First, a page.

In this collection, Jones finds a perfect balance between scary and fascinating as he shares the spooky stories he has collected from tribes all over the country. While I didn’t find any of the stories blood-curdling—which makes sense for a book geared towards kids—they still managed to send a chill up my spine. I think this is the perfect book for a kid who is ready to level up their horror collection or a class learning about Indigenous legends.
Perfect for fans of Scary Stories to Tell in the Dark! A shiver-inducing collection of short stories to read under the covers, from a breadth of American Indian nations.
Dark figures in the night. An owl's cry on the wind. Monsters watching from the edge of the wood.
Some of the creatures in these pages might only have a message for you, but some are the stuff of nightmares. These thirty-two short stories -- from tales passed down for generations to accounts that could have happened yesterday -- are collected from the thriving tradition of ghost stories from American Indian cultures across North America. Prepare for stories of witches and walking dolls, hungry skeletons, La Llorona and Deer Woman, and other supernatural beings ready to chill you to the bone.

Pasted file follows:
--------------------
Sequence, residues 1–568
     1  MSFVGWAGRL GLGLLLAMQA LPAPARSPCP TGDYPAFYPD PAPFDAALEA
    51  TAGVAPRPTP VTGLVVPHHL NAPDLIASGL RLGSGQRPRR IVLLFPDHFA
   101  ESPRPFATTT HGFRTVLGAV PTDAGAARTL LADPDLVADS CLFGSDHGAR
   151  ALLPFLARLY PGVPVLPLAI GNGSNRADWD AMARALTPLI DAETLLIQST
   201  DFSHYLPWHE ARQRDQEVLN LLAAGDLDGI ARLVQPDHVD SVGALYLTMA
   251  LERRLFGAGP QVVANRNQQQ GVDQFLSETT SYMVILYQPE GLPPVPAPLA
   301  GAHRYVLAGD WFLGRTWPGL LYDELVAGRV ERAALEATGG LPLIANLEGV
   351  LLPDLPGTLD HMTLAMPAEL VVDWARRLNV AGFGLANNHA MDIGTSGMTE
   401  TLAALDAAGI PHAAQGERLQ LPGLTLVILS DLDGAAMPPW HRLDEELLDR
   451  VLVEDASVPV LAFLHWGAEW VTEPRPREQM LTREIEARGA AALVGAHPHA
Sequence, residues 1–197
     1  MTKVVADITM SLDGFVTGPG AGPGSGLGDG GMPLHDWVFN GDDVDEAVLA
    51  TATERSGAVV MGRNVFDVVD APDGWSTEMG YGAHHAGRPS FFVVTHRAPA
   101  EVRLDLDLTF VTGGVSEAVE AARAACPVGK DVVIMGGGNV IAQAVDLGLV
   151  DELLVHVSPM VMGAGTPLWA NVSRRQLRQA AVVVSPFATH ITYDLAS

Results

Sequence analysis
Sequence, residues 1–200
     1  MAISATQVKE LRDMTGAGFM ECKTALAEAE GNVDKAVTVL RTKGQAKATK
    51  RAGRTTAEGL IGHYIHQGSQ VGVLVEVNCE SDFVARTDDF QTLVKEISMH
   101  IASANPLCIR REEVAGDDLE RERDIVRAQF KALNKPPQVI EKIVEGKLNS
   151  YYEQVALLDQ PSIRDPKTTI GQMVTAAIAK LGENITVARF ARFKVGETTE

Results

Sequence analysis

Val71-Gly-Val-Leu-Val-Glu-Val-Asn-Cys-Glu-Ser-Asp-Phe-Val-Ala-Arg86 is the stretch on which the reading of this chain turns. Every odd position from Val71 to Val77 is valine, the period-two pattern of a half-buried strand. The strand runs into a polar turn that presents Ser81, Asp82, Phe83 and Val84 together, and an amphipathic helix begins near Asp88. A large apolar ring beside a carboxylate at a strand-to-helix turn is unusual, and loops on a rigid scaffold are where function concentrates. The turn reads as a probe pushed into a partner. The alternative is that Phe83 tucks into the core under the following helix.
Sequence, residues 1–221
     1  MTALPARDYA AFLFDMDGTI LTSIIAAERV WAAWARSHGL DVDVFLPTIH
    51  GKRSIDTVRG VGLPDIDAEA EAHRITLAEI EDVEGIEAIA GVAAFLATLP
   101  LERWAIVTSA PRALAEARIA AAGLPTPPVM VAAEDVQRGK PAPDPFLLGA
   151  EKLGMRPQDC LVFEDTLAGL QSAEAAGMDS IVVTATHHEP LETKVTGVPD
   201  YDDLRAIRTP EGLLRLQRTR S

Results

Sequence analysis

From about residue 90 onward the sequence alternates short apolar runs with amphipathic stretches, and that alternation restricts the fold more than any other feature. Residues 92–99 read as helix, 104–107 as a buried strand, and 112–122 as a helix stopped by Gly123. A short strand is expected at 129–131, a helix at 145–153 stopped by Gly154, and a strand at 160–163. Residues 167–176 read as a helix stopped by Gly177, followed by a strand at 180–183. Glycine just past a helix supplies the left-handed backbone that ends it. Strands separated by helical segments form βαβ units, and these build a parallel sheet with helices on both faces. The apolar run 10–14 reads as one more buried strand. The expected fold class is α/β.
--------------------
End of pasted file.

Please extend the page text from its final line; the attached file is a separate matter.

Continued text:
Dan SaSuWeh Jones (Ponca Nation) tells of his own encounters and selects his favorite spooky, eerie, surprising, and spine-tingling stories, all paired with haunting art by Weshoyot Alvitre (Tongva).
So dim the lights (or maybe turn them all on) and pick up a story...if you dare.
About the Author
Former Chairman of the Ponca Tribe of Indians of Oklahoma and member of the Producers Guild of America, Dan SaSuWeh Jones is a filmmaker who has produced work for Sesame Street, NBC, TBS, and other national and international networks. He worked as an honorary Imagineer and consultant for the Walt Disney Company’s Disney America theme park and as a field producer for the television miniseries 500 Nations, produced by Kevin Costner. As a bronze sculptor, he was a finalist in the competition for the American Indian Veterans Memorial at the National Museum of the American Indian on the Washington D.C. Mall. He holds a seat in the House of Warriors, a traditional Ponca Warrior Society. He was storytelling author and consultant for National Geographic Encyclopedia of the American Indian, 2019. Weshoyot Alvitre is a female author and illustrator from the Tongva tribe of Southern California. She currently resides with her husband and two children on Ventureno Chumash Territory in Ventura, California. Her work focuses on an Indigenous lens and voice on projects from children's books to adult market graphic novels. She has recently been published as an artist in Ghost River: The Fall and Rise of the Conestoga, written by Lee Francis 4 and edited by Will Fenton; At The Mountains Base written by Traci Sorell; and was Art Director on the video game “When Rivers Were Trails.” She enjoys spinning yarn and collecting antiques.